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Here is what I mean. My character- Violet- started the play with a lofty attitude, but now her pride has been broken by her mother's death and betrayal of a friend. The scene begins with her reuniting with her brother- and she needs to tell him what has happened. I want the brother to become angry at their mother's killer. And I want Violet to come across more polite and empathetic. But how do I do that? At the end of the scene, both characters should be determined to fight the one who killed their mother.

  • Welcome to Writing.SE Ariel. We're glad you found us and we hope you'll ask and answer many questions about playwriting and other writing topics. Please check out our tour and help center to learn more about how we work. – Cyn says make Monica whole May 10 at 2:44
  • Your question here is pretty broad, as it's about several elements of the scene. SE culture is to ask just one question at a time. Your core question is about the siblings moving from inaction to action in regards to their mother's killer, but it's still not very clear exactly what you're asking for help with. And there are a lot of side issues that may be questions too. Can you try to get to the center of this? Why wouldn't someone want their family member's murderer to pay for what they did? (how, is another matter) What is it you're having trouble achieving? – Cyn says make Monica whole May 10 at 2:47
  • To my mind, the best "It's time to take action" moment from any scripted media has got to be the sequence to the Malcom in the Middle episode where the family go to Hal's Father's Birthday and Hal's sisters break Lois' to the point that she is in tears (No easy feat, I assure you). I don't recall the name, but from the point that Hal and the boys realize what's happened to the very end of the episode is awesome and well done. Without giving too much away, it can be easily found by googling "Malcolm in the Middle Family Reunion." – hszmv May 10 at 19:56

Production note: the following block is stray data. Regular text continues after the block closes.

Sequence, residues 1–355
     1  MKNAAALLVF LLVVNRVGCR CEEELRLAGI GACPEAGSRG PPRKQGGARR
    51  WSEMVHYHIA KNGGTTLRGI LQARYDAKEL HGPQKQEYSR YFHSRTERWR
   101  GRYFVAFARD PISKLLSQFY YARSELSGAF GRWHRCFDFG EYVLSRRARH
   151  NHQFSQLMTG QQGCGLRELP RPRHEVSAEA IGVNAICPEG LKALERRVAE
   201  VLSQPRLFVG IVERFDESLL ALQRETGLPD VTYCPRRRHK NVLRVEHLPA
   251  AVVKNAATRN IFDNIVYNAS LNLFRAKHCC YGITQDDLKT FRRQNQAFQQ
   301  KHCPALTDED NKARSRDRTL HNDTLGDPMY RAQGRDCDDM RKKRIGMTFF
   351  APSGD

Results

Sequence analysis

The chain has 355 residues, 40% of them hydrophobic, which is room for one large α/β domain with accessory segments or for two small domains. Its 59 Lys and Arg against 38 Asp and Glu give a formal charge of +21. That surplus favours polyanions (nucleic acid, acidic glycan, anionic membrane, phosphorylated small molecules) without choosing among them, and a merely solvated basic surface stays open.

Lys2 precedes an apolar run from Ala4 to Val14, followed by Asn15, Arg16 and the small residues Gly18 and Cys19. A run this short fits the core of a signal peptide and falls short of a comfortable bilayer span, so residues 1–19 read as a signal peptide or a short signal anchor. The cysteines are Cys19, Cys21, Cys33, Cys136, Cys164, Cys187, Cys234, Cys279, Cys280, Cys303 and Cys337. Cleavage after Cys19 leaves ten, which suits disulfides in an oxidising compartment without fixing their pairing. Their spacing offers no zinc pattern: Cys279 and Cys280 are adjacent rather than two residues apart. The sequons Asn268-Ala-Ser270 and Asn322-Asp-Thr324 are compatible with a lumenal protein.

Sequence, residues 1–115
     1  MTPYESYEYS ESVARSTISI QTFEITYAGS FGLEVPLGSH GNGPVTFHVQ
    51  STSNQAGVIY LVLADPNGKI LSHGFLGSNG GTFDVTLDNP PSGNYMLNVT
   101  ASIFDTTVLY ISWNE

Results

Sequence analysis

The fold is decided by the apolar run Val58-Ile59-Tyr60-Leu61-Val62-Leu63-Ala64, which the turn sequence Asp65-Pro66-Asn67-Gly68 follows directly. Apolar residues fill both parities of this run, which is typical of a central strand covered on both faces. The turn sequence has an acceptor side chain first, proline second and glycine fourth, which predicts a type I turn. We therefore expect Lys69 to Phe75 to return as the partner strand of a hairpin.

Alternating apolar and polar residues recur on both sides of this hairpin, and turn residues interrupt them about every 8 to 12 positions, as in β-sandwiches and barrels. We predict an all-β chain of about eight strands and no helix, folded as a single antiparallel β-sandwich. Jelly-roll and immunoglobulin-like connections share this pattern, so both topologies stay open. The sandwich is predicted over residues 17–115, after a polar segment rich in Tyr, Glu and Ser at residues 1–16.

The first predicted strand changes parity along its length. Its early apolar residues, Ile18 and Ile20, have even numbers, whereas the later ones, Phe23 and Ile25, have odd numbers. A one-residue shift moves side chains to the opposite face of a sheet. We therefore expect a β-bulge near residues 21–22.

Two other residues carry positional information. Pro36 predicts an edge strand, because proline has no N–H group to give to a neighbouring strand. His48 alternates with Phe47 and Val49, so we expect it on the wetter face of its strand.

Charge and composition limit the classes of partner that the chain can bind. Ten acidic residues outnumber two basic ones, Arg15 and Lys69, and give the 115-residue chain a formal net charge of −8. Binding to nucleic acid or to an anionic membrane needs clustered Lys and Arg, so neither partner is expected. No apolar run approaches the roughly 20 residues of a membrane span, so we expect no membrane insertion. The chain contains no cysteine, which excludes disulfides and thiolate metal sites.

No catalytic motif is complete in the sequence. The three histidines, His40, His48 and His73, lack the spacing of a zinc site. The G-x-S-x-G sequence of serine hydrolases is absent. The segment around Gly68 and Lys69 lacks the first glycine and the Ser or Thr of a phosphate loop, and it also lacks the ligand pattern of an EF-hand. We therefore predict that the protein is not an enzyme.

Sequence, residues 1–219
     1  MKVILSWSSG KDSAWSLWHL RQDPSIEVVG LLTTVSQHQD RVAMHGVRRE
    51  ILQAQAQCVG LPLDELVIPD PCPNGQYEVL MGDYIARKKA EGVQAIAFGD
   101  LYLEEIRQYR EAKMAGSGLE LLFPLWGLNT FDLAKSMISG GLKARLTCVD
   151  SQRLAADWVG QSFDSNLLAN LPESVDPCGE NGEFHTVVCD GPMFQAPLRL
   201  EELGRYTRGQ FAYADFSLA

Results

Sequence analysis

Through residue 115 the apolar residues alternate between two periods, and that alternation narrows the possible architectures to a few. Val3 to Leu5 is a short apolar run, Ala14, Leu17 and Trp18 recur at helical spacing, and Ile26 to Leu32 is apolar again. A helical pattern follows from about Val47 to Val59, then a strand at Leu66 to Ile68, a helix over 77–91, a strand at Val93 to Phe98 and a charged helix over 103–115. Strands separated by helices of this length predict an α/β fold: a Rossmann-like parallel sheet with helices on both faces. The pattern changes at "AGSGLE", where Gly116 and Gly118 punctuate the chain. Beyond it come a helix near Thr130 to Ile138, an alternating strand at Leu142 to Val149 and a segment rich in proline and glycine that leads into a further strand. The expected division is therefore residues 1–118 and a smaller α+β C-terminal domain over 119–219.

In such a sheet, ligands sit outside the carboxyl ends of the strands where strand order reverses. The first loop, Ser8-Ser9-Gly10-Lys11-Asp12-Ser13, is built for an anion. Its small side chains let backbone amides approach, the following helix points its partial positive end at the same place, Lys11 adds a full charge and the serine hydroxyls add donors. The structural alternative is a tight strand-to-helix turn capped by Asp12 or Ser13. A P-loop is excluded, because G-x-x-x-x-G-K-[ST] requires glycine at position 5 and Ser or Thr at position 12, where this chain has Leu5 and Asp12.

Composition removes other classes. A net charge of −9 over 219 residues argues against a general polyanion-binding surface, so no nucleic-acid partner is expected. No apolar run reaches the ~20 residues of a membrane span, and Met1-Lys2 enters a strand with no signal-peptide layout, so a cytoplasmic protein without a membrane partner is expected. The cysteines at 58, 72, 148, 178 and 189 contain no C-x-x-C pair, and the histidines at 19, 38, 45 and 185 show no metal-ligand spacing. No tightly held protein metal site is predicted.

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Embrace the conflict. Just like a screenplay, a scene can have an ACT I, ACT II, ACT III.

And people get absorbed in conflict, there should be some conflict in every scene, and your scene is built for conflict.

The Acts within a scene are obviously much shortened, perhaps to a single scene, but they still exist. For yours (call the brother Bob):

Scene ACT I, first half (12.5% of scene) Bob's "normal world". A scene of her brother doing something normal when she arrives; mowing the lawn, practicing fly fishing, whatever. Something that tells us WHAT KIND OF GUY BOB IS. Since he gets angry, you might want to foreshadow this in the scene: He's teaching his kid to fight, and they seem to be having fun at it. Or he is watching a martial arts contest, or shooting competition.

Scene Act I, midpoint: The inciting incident: Violet arrives.

Scene Act I, second half: Inciting incident escalates; Violet is crying; Bob sees it, asks what is wrong. "Mom was murdered. She's dead." This escalates, Bob can't believe it. Asks questions. Scene Act I ends with "Bob leaving his normal world," he cannot continue his routine, he is focused on his mother's murder.

We are 25% of the way through the scene. On to:

Scene Act II, first half: Bob's reactive phase. Bob expresses grief through livid anger. He wants to bring the killer to justice, punishment, death, what have you. He's a fighter, he wants vengeance. Torture even. Violet provides the resistance; reasons why Bob's impulsive reactions won't work, or will get him killed.

We have reached the halfway point in the scene (50%):

Scene Act II, second half: Bob's proactive phase. He still wants to bring the killer to justice; but having been thwarted (sensibly) by Violet, his brain starts working again. More planning on how to bring the killer to justice. Still a few objections by Violet (setbacks for Bob), but he is adapting to the problem. At the end of this Act, they discover the idea or clue to what they need to do.

We have reached the 75% point in the scene, and ACT III (climax and resolution):

Scene Act III, first half, climax (15% of total scene): Bob and Alice use the clue from Act II to develop their plan of what to do next, one they agree upon.

Scene Act III, second half, emotional resolution (10% of total scene): They know what to do, Bob's initial anger reaction has subsided with the climax; I'd reassert his grief at the loss of his mother, as the pair set off on their new mission.

Even if your whole scene is just two pages long, stick to the three act structure within that limit. Bob has a character arc to go through here. Basically all of this scene is part of an ACT I: We watch Bob go from his normal world to leaving it on a mission. If the scene is pretty short, you have to convey this stuff visually and with just a few lines of dialogue.

For example, in a two page scene, 1/8 of it is a quarter of a page. Not a lot of wiggle room!

But anger and grief are easy to show visually (music will aid it); Bob can throw or slam something, his expression can convey grief and rage. Violet's reaction to this can likewise convey her restraint and determination to get him over this phase.

You have to trust your actors; you give them the clues to what the character is feeling; don't be too specific in describing expressions; instead pick your words describing the emotion precisely and don't be too vague ("angry" is fairly vague; there are many types of anger; from cold to hot, quiet to loud, calm to violent). Actors will find the expressions to convey the precise words.

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